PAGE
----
Considerations for Developing an Engaging Management Curriculum for Undergraduate Engineering Students During COVID-19: A Case of Operations Management at the University of Manchester

Akilu Yunusa-Kaltungo, Nafisatu Irene Okhade, Rukaiyatu Jungudo

Research output: Chapter in Book/Report/Conference proceedingConference contributionpeer-review


The rapid adoption of technology and digitization of work, which has affected every facet of life including pedagogy, has created an opportunity to develop novel ways to teach technical and management skills to students to make them industry ready. However, several studies have highlighted that students studying engineering related disciplines within higher educational institutions are often disconnected from the management units within their programme curriculum, irrespective of the level of complexity. Additionally, there are concerns that the recent shifts towards predominantly hybrid or online & blended learning (OBL) approach advocated by most institutions due to restrictions imposed by COVID-19 pandemic has further eroded the already exiguous interest levels. This study therefore attempts to understand how engineering students at a department within the University of Manchester perceive management units and the possible root causes of previously observed attitudes. The unit examined was Operations Management (MACE30461), which is mandatory for all final year undergraduates studying for graduate degrees in aerospace, civil and mechanical engineering. The fundamental rationales behind selecting this unit are its coverage of several disciplines and cohort size, with an average of approximately 350 registered engineering students per year over the last five years. To achieve the overarching aim of this study, data was innovatively obtained from five separate cohorts, through a popular continuous improvement technique — the Fishbone diagram (FBD). The benefits of this data collection approach is multi-faceted. Firstly, it reinforces learning and familiarity of the students with the applied tools, which is crucial to the achievement of the intended learning outcomes (ILOs). Secondly, it enhances direct extraction of root causes (RCs) of the identified limiters as well as their possible causal relationships. Out of approximately 1758 students that have been registered on this unit over five years, 962 returned their solutions to the exercise. As it would be very unrealistic to present all of the individual FBDs constructed by each student, a harmonised FBD was reconstructed based on all the identified RCs. The results of the study generally depict two overwhelming findings. Firstly, there is a general misconception of the meaning of engineering, as most students believe that engineering programmes should only encompass core technical elements such as thermodynamics, design, fluid mechanics, vibrations, etc. Secondly, majority of students find the contents of most management units offered to engineering students uninteresting, particularly because of a lack of well-established link between such contents and what they perceive as real engineering. The authors therefore argue for innovative teaching methods that embed tools that are coherent with core technical units through hybrid or OBL, which is both cost effective and practical given the prevailing pandemic environment.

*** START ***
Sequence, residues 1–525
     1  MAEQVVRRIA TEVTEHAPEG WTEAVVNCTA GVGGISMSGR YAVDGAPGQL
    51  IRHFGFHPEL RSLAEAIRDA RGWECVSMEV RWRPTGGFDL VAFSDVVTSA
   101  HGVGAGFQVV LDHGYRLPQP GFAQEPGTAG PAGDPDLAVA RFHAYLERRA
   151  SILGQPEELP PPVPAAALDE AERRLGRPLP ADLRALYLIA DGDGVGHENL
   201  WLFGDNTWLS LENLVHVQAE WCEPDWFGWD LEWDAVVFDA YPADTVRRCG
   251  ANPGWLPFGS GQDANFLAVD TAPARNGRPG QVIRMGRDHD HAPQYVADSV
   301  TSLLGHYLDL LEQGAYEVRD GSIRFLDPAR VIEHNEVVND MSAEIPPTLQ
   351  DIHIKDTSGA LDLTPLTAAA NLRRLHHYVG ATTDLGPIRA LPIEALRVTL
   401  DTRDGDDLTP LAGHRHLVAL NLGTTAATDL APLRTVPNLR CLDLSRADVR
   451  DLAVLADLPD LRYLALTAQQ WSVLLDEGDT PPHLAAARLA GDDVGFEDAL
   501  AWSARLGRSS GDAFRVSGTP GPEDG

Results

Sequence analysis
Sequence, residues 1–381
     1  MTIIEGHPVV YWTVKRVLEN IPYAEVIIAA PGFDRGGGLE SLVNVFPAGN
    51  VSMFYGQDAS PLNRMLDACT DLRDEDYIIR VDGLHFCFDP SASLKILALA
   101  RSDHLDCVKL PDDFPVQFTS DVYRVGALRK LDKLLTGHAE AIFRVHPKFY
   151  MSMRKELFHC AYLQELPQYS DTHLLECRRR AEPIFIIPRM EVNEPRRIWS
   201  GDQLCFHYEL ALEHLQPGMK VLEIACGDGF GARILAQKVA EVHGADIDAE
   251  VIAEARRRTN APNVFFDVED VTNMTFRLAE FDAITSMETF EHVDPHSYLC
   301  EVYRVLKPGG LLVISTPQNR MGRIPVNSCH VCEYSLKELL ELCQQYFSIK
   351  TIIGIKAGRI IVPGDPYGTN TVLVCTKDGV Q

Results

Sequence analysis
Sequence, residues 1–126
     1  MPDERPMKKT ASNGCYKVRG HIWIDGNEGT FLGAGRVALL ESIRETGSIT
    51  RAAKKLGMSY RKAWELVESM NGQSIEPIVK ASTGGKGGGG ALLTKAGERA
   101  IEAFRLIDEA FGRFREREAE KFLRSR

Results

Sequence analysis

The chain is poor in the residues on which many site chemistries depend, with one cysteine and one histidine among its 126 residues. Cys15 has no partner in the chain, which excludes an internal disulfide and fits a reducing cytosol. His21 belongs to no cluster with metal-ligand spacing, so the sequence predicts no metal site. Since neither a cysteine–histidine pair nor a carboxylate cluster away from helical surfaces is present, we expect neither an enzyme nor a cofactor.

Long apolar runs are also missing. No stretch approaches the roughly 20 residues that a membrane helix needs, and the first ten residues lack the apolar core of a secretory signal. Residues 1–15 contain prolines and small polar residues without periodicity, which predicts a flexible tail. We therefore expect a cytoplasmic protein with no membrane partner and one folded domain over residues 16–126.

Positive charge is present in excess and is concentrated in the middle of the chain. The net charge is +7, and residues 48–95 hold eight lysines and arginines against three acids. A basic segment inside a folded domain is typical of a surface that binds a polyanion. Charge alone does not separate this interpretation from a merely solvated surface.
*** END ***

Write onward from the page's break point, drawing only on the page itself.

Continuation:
Original languageEnglish
Title of host publicationASME 2022 International Mechanical Engineering Congress and Exposition
PublisherAmerican Society of Mechanical Engineers
Number of pages8
ISBN (Electronic)978-0-7918-8669-4
Publication statusPublished - 8 Feb 2023
EventASME 2022 International Mechanical Engineering Congress and Exposition - Greater Columbus Convention Center, Columbus, United States
Duration: 30 Oct 20223 Nov 2022


ConferenceASME 2022 International Mechanical Engineering Congress and Exposition
Abbreviated titleASME-IMECE
Country/TerritoryUnited States
Internet address


  • Engineering Education
  • Undergraduate
  • Management
  • online and blended learning


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